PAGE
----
CC0 has a fall-back licence in case "releasing into the public domain" has no legal meaning. Few if any countries give a way to reliably release material into the public domain. The licence gives permission to anybody to perform all of the acts restricted by copyright. --ghouston (talk) 01:16, 9 May 2014 (UTC)
All of the actions restricted by economic copyright. E.g. in Finland and Sweden you can loosen the restrictions caused by moral rights, but only if you specify how. CC0 does not specify and thus the author retains all those rights. Giving up the rights entirely is not possible in these countries (I presume the law is similar in the rest of EU). --LPfi (talk) 06:24, 13 May 2014 (UTC)
@LPfi:, this looks like it must be wrong to me. See the Creative Commons FAQ. If you have evidence that in Finland and Sweden this does not apply, could you provide some citations? Thanks -- (talk) 06:35, 13 May 2014 (UTC)
I think LPfi is talking about this. Some more explanations at here. Jee 06:41, 13 May 2014 (UTC)
LPfi appeared to state the opposite of the standard explanations by Creative Commons. I can see nothing in the CC text you have linked to that would allow for CC0 not applying as stated, with regard to moral rights (i.e. the legal right of attribution) in Finland or Sweden. I am happy to assume this is a language problem rather than a statement of fact. -- (talk) 06:55, 13 May 2014 (UTC)
Does this moral rights issue have any bearing on the original question? E.g., does using {PD-self} reliably void all moral rights in Finland and Sweden? I suspect not. --ghouston (talk) 00:47, 14 May 2014 (UTC)
It does not, but the original answer was highly misleading – as is the CC0 template and the CC explanations.
The problem is that the law allows for waiving parts of your moral rights only if you specify how. I can give a publisher the right to use my work in a certain publication without mentioning me or in a way that ridicules it, but CC0 does not give anybody such rights as the specification is missing.
See section 3 of the Finnish copyright law (official version in Swedish), unofficial translation (PDF): "The right conferred to the author by this section may be waived by him with binding effect only in regard of use limited in character and extent." The Swedish law has a similar section 3.
--LPfi (talk) 12:33, 14 May 2014 (UTC)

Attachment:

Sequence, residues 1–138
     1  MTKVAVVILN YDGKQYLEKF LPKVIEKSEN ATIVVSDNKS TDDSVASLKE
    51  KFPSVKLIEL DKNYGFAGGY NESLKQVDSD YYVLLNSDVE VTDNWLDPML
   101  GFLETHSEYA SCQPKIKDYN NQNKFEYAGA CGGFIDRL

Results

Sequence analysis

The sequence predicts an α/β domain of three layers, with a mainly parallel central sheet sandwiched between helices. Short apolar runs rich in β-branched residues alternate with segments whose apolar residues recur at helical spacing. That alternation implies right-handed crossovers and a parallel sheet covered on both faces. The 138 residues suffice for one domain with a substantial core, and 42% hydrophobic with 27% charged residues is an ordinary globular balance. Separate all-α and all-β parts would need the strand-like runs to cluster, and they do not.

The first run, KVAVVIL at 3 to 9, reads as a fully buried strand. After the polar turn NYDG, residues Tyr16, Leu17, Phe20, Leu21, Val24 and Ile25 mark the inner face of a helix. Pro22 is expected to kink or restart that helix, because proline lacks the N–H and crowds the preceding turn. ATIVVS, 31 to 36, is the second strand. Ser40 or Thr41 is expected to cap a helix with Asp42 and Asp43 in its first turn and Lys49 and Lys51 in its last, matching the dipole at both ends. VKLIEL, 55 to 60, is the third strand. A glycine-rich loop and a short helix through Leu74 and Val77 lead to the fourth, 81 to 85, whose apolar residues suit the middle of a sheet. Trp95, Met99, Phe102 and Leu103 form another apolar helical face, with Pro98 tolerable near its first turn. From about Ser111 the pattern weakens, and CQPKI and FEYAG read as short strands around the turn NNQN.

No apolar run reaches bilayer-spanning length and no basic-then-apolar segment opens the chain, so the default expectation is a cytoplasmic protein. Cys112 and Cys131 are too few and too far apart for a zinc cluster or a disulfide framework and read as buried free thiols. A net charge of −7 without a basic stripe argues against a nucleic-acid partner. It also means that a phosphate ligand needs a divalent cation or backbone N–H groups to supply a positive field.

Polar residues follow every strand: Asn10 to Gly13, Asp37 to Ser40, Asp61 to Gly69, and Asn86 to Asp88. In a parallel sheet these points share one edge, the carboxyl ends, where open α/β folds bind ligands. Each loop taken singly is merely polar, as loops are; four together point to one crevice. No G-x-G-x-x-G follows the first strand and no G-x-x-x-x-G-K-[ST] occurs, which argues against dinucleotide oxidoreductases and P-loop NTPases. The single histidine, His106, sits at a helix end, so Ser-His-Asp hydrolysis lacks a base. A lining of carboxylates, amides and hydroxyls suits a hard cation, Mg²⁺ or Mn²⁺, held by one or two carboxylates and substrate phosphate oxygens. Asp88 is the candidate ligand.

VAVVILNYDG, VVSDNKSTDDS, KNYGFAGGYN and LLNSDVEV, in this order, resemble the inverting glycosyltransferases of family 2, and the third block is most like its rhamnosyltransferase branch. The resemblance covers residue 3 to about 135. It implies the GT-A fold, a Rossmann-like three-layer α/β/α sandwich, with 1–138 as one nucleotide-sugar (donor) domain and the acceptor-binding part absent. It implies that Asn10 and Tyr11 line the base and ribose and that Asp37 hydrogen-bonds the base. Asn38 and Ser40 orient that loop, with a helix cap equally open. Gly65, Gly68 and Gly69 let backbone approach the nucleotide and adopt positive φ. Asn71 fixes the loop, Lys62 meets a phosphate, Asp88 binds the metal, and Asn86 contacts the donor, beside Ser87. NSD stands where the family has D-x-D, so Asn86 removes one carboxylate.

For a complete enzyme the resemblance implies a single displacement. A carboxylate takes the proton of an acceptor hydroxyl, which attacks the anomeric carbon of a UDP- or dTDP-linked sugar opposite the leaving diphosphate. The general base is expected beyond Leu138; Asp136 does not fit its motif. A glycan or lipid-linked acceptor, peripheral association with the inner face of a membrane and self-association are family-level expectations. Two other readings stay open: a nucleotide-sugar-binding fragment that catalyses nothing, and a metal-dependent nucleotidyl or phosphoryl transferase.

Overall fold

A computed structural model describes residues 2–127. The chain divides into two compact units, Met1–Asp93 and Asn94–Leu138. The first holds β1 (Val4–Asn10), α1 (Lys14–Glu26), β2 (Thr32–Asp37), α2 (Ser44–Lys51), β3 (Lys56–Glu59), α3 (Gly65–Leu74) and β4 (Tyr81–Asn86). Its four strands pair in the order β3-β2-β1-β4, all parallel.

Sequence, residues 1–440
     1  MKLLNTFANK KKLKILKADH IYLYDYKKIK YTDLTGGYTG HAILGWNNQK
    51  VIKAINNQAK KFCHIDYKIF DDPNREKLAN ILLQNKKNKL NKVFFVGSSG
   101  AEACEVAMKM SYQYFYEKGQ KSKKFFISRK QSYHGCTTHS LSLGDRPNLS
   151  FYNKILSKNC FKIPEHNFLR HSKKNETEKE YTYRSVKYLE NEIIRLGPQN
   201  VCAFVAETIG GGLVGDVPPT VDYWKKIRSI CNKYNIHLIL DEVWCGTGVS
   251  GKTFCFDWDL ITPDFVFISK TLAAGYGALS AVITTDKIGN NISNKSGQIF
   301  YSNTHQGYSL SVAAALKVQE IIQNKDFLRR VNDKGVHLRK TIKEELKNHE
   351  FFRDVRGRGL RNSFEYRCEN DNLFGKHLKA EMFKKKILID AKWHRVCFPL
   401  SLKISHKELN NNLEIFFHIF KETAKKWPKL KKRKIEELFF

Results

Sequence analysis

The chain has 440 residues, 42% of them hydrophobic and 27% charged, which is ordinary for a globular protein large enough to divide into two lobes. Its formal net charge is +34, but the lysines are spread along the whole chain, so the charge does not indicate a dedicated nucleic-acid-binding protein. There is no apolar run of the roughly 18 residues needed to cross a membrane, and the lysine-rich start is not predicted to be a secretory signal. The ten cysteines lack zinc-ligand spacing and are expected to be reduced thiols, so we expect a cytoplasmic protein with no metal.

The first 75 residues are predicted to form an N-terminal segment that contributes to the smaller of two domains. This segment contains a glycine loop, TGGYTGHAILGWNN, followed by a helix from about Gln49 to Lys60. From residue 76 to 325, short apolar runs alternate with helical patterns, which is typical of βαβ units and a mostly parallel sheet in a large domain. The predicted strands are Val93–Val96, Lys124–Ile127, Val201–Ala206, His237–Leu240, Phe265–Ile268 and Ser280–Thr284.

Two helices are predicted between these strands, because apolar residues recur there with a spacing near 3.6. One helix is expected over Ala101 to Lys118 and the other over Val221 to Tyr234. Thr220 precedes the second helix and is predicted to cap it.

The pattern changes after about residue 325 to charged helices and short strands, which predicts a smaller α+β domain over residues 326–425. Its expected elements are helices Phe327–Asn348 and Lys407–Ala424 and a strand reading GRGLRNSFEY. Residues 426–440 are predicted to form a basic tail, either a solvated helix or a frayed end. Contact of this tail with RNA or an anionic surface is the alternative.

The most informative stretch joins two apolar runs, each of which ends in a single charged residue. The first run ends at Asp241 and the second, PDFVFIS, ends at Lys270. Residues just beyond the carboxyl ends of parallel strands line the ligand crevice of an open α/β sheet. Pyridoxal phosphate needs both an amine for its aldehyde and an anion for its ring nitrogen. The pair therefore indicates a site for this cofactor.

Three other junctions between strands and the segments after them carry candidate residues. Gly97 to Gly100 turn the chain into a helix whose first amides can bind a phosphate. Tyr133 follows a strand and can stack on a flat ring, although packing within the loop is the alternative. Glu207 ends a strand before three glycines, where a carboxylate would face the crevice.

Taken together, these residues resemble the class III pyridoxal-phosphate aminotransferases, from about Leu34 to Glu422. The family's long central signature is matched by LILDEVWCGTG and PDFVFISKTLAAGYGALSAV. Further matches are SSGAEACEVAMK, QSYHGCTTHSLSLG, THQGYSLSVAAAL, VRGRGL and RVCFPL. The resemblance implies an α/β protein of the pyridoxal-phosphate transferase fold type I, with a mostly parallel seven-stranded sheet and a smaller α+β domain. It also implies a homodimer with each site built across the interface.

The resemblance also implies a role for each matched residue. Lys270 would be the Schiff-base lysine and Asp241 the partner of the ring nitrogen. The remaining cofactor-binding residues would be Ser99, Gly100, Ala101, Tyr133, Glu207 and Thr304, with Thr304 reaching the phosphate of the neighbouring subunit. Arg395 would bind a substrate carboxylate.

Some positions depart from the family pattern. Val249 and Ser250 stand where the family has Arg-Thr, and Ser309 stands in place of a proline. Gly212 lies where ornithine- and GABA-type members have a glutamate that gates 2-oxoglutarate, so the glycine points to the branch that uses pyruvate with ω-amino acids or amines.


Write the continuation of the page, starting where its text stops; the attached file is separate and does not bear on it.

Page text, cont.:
Add photo minister in a governement

Hi, I woul like to know how to add a photo of a minister in goverment, which is a public domain. Thank you--Dzoasis (talk) 11:32, 9 May 2014 (UTC)

Just upload it in the normal way (use the link in the left margin). If the licence tags suggested by the upload wizard do not fit, add a suitable template after upload instead. There is a warning about the image being deleted unless copyright information is added. Ignore it and add the information afterwards. Make sure you give enough information, especially if justification for the PD status is not obvious from the chosen template. If you tell what country this is about, someone might give advice on what template to use. --LPfi (talk) 12:55, 14 May 2014 (UTC)

Assuming bad faith.

When a user has asserted an upload is freely licensed by a third party (or free), and provided a URL to a page that the user believes documents that licensing (or freeness), if that URL is found to be dead over a month later, it is generally not appropriate, and an assumption of bad faith, to then conclude that the work may not be freely licensed (or free) because the link is dead. Administrators especially, have a responsibility use the documented link rot tools before making any such negative assumptions. Link rot tools documentation can be found, for example, at en:WP:LINKROT. They are recommended whenever a link is dead. It's inappropriate to claim that, "it isn't possible to verify whether any license is specified there or not" simply because of apparent link rot. Agreed? --Elvey (talk) 19:40, 10 May 2014 (UTC)

If you put this such categorically, I cannot agree with you. We simply do not have the manpower. Commons is flooded with copyvios, mostly by people who simply don't care, sometimes by goodfaith users who are uninformed. Every now and then it happens that many or all uploads of a user are found to be blatant copyvios, which remained undetected on Commons for many months or even years. Depending on the image subject, a lot of re-users may have exposed to litigation for copyright infringement. One should also not forget that it is the uploader who has to convince us/Commons about the legitimacy of his uploads, not the other way round. --Túrelio (talk) 20:35, 10 May 2014 (UTC)
That's not what Elvey was refering to, in my reading, so I guess both are right. The project is built on trust too, and the workload Túrelio mentions is greatly reduced if a trust heuristics is applied when approaching uloads from a trusted user. -- Tuválkin 20:40, 10 May 2014 (UTC)
Agree with both Túrelio and Tuvalkin. :) IMHO it depends who uploaded the image. One time uploader? Uploader with (c)vio history? Uploader with 100k edits? In order to AGF, there needs to be a foundation of trust. I'd assume that most admins try to locate another source before deleting. Blindly assuming good faith doesn't get us anywhere, just read the UDR's or file talk comments. Often enough peeps just don't know better and AGF that everything on the internet is free. Goes both ways I guess. --Hedwig in Washington (mail?) 01:19, 11 May 2014 (UTC)